More importantly, however, even if we were to consider the receivership to be directed against Woods, as an alter-ego of Western, there would be no reason to find the receivership to be a punishment. Both the goal and the operation of the receivership have been to protect the United States treasury from avoidable insurance losses by assuring proper management of the thrift according to the banking regulations. See 12 U.S.C. section 1464(d). Moreover, Woods was on notice from the start that the benefits of federal insurance of his thrift came only with the potential burden of receivership. See 12 U.S.C. 1461, et seq. No goal or act described pursuant to this receivership was retributive, nor was any meant as a deterrent, as that word has meaning in the criminal law. The receivership was no punishment. Double jeopardy is not implicated as relates to the pending criminal prosecution.
The denial of the motion to dismiss the indictment by the district court is therefore
The government argues that we have no jurisdiction to hear this interlocutory criminal appeal. The government concedes, however, that interlocutory appeal of the denial of a motion to dismiss a criminal complaint for double jeopardy is permitted. Abney v. United States, 431 U.S. 651, 97 S. Ct. 2034, 52 L. Ed. 2d 651 (1977). The government argues that such interlocutory appeals are allowed only to protect the defendant from a second criminal trial, and Woods has never been subjected to a first criminal trial. This argument ignores the effect of civil punishments as a means of double jeopardy, see United States v. Halper, 490 U.S. 435, 109 S. Ct. 1892, 104 L. Ed. 2d 487 (1989), which is the very issue raised here by Woods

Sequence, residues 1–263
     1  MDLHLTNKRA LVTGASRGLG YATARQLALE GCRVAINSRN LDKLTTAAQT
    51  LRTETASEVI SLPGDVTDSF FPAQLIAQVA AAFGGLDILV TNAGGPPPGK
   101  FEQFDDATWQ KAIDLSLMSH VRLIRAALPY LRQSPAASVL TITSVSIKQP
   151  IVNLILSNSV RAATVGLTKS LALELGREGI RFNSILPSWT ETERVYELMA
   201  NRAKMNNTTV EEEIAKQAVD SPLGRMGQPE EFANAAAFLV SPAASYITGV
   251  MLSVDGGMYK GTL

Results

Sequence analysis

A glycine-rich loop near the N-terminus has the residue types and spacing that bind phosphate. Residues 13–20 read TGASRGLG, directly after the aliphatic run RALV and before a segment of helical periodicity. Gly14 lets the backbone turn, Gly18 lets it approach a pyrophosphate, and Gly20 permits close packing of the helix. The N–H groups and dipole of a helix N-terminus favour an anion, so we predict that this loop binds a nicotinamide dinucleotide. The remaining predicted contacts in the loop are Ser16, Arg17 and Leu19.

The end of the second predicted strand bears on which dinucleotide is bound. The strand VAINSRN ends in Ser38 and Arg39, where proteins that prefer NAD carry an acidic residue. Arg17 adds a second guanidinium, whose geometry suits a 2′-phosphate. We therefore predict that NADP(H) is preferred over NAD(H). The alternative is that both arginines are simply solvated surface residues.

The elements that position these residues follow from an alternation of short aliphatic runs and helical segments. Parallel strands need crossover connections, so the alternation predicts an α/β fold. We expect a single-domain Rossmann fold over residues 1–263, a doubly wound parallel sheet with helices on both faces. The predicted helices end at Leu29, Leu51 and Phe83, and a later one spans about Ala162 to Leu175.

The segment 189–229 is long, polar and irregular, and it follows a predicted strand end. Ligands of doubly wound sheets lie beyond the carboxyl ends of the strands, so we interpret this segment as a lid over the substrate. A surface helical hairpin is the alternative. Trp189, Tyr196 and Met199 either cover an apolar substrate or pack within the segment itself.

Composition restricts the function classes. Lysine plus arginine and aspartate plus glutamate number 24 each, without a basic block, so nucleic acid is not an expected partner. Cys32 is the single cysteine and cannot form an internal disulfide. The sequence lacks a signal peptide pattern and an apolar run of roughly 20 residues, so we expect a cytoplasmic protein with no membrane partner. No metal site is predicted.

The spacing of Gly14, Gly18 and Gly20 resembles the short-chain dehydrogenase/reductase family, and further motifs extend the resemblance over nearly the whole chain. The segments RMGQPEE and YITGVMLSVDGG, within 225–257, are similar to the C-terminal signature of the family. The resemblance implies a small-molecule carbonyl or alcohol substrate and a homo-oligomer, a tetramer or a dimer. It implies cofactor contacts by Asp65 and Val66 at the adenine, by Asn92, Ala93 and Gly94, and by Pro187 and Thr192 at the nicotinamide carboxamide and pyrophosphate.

The government offers no precedent for the refusal of jurisdiction to hear an argument of double jeopardy by interlocutory appeal. The Supreme Court has made it absolutely clear that the guarantee against double jeopardy may be enforced by interlocutory appeal. The government seeks to evade this means of enforcement by arguing the merits of its substantive argument as a jurisdictional argument. In the light of Abney, we obviously have jurisdiction in this matter.
Woods owned a holding company that was the sole shareholder of Western Savings Association, an S & L, which was declared insolvent and placed in receivership by the Federal Home Loan Bank Board in 1986. The circumstances of that insolvency and receivership are described in Woods v. Federal Home Loan Bank Bd., 826 F.2d 1400, 1403 (5th Cir. 1987) cert. denied 485 U.S. 959, 108 S. Ct. 1221, 99 L. Ed. 2d 422 (1988)
To illustrate this distinction, we note that in United States v. WRW Corp., 731 F. Supp. 237 (E.D. Ky. 1989), the government pursued shareholders to personally pay a fine imposed on their corporation. The shareholders had already been convicted of a conspiracy related to the corporate misdeeds which brought on the fine. The court held that the fine might have been a punishment of the shareholders but was not, because the fine was not unreasonably related to the government's expense in enforcing the mining law against the corporation. Unlike this case, the shareholders were pursued in their own names to pay a fine from their personal assets because of their own misdeeds. Absent individual liability, there would have been no claim for individual double jeopardy